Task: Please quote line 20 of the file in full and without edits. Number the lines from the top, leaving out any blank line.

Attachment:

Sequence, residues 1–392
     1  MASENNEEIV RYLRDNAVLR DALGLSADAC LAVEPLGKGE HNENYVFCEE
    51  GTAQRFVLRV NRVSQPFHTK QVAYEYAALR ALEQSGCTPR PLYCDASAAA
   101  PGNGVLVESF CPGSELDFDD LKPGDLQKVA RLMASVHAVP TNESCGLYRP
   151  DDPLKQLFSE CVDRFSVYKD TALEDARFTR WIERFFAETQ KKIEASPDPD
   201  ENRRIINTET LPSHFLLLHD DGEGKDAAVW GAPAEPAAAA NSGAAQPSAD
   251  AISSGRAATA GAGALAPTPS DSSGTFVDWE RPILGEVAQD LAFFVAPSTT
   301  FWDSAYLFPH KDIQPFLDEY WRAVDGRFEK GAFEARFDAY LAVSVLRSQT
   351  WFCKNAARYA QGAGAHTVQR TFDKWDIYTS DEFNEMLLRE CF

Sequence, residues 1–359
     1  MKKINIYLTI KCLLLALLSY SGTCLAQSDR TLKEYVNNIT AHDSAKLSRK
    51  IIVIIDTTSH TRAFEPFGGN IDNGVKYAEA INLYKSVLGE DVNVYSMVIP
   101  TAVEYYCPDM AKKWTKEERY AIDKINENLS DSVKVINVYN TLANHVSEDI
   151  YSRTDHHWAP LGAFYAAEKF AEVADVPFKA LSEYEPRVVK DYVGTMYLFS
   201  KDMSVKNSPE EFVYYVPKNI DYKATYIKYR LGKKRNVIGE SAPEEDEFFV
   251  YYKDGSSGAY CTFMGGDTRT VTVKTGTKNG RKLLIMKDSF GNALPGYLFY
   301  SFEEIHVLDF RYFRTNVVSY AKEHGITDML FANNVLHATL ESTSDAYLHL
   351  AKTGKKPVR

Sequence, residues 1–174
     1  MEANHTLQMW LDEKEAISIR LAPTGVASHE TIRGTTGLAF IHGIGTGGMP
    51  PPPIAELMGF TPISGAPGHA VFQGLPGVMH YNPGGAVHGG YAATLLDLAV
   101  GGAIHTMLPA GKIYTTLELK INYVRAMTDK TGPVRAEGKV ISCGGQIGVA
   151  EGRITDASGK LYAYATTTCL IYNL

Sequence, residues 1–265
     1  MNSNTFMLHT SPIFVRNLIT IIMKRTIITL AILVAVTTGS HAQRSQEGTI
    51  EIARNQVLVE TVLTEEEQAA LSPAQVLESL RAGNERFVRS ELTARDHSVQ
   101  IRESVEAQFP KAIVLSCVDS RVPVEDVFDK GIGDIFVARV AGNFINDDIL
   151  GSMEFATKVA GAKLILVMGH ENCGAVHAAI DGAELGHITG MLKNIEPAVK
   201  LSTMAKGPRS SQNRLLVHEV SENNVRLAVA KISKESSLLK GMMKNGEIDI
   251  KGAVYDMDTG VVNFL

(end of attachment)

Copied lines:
     1  MEANHTLQMW LDEKEAISIR LAPTGVASHE TIRGTTGLAF IHGIGTGGMP